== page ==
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Christian Unity

One hundred years ago the Rev. Paul Watson and Sister Laura White, co-founders of the American Anglican community called the Franciscan Friars and Sisters of the Atonement, organized the first Christian Unity Octave, a period of prayer for the reunion of the church that extended from Jan. 18 to Jan. 25, the eight days between the feast of the Chair of Saint Peter and that of the Conversion of Saint Paul. As Episcopalians, Father Paul and Sister Laura originally envisioned the observance as a time of prayer for the reunion of their fellow Anglicans with Rome. In 1909, the Society of the Atonement, popularly known as Graymoor after the location of its monastery in New York State, entered as a body into full communion with the Catholic Church. Following the Second Vatican Council, the Week of Christian Unity took a more ecumenical turn and is now observed by many churches as a time to join themselves with Christ’s prayer “that all may be one” (Jn 17:21).

Since 1965 the Pontifical Council for Promoting Christian Unity and the World Council of Churches’ Commission on Faith and Order have jointly prepared texts for the week. This year’s theme is found in Thessalonians 5: “Be at peace among yourselves. And we urge you, beloved, to admonish the idlers, encourage the faint-hearted, help the weak, be patient with all of them. See that none of you repays evil for evil, but always seek to do good to one another and to all. Rejoice always, pray without ceasing, give thanks in all circumstances; for this is the will of God in Christ Jesus for you.”

Golf Diversity at the Fore

When the Golf Channel’s anchor Kelly Tilghman commented on Tiger Woods’s dominance of the P.G.A. Tour in early January, she joked that his opponents might want to “lynch him in a back alley.” Tilghman apologized for the remarks and Woods downplayed their significance, but it was only the latest incident in professional golf’s troubled history with diversity. The P.G.A. did not drop its “Caucasian only” membership clause until 1961, and early African-American golfers like Charlie Sifford faced years of verbal abuse from fans. A decade ago, the golfer Fuzzy Zoeller suggested that Woods, after winning the Masters tournament, might serve “fried chicken and collard greens.” The host of the Masters, the Augusta National Golf Club, still refuses to allow women to become members. (They are, however, allowed to serve as caddies.)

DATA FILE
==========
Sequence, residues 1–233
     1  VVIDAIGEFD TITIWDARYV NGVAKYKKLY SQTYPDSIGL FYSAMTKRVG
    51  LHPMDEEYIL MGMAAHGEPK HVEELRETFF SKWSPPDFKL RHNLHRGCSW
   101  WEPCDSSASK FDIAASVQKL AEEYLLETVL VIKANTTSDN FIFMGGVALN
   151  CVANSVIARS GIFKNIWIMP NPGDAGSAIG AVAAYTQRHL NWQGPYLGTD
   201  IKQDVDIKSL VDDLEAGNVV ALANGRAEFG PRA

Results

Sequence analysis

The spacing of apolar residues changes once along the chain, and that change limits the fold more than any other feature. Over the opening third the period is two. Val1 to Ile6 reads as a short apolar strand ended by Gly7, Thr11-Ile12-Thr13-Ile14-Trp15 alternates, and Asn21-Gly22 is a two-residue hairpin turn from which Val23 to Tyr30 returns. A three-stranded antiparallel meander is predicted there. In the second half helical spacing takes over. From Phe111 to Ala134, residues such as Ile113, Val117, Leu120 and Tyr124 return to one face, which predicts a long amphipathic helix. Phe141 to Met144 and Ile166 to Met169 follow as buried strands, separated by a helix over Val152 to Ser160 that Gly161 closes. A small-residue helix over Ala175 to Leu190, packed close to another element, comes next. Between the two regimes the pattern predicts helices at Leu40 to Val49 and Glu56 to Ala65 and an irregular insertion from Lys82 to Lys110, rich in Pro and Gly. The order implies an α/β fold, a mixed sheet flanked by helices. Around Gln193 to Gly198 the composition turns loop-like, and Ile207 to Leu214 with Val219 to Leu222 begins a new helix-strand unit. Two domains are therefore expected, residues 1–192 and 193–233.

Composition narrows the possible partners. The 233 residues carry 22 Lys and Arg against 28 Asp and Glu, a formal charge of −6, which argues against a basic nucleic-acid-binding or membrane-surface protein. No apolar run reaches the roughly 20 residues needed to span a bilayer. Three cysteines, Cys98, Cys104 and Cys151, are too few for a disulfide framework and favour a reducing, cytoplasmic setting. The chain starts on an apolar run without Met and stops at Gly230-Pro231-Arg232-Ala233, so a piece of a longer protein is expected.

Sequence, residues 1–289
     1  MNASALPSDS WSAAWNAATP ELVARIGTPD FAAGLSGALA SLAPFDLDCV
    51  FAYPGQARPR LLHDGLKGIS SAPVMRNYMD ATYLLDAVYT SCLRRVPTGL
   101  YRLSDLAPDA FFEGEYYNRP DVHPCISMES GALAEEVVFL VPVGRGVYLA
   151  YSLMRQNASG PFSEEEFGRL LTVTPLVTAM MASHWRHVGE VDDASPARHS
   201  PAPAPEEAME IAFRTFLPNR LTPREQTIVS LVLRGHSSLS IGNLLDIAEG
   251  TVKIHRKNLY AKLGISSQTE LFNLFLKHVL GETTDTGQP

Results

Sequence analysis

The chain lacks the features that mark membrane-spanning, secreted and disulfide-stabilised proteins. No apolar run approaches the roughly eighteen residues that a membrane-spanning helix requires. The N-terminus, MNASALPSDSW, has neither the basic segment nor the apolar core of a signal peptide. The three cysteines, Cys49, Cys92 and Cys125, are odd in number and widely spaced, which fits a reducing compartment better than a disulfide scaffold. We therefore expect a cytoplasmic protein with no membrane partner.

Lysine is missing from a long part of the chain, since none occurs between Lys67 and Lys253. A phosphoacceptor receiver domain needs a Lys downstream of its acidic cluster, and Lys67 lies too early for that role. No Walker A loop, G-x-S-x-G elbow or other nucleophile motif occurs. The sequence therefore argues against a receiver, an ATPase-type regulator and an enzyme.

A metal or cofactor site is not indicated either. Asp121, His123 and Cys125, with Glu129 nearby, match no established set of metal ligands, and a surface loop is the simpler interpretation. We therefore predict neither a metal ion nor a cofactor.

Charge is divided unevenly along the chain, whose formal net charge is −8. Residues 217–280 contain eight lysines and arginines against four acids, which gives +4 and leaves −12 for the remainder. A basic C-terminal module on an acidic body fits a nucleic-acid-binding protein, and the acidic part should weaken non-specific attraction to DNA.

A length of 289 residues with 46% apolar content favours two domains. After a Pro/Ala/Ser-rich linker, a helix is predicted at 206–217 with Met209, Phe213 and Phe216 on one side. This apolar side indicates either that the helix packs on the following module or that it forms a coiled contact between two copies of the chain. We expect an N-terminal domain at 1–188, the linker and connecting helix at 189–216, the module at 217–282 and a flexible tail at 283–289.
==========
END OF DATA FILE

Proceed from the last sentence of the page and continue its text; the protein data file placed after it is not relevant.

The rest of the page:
Ironically, the exploding popularity of golf in the last decade is due in large part to exciting new arrivals outside the traditional white male bastions of the sport, including the two-time P.G.A. champion Vijay Singh, originally from Fiji, and Michelle Wie, a Korean-American who played in her first L.P.G.A. Tour event at the age of 14. Then there is Woods himself, who in just 11 years has gained more career wins than any other active golfer, while simultaneously upending many of America’s racial categories. Woods refuses to be identified by contemporary ethnic labels, because he is one-quarter Chinese, one-quarter Thai, one-quarter African-American, one-eighth Native American Indian and one-eighth Dutch, making him (to use his own word) “Cablinasian.” Should his seven-month-old daughter Sam Alexis inherit his athletic prowess, she could one day increase further the diversity of the golf world. Her mother, Elin Nordegren, is Swedish.

Is Small Beautiful?

Perhaps it will be in this case. According to reports from India, Ratan Tata’s tiny new $2,500 car already enjoys wide appeal. Called the Nano (not to be confused with the iPod Nano, which, at the size of two fingers, is even smaller), the car represents a serious effort at thinking small. Its designers repeatedly asked themselves, Do we really need that? It is the right question. Mostly they answered no. As a result, compared with subcompact models currently on the market, the Nano is about half the size, with less than a third of the horsepower, not much speed and not one frill. Still, it is the first car affordable to millions of would-be drivers in developing nations (especially India and China). No wonder it has been nicknamed “the people’s car.” The Tata Group that developed it hopes to show that thinking small will earn them big profits in the right markets.

Environmentalists, however, are alarmed. They wonder whether the Nano can be made safe and green (fuel efficient and low on carbon emissions). That, too, is the right question to ask. A million more drivers each year in projected Nano sales would mean a huge increase in emissions, however stringently controlled. Will that prospect goad India into passing mandatory fuel efficiency standards, while the Nano fulfills the dreams and needs of the poor? Will other manufacturers follow Tata’s lead in thinking small? Or is the Nano an hors d’oeuvre on wheels that will whet the appetite of new drivers for bigger, faster cars—the environment be damned?

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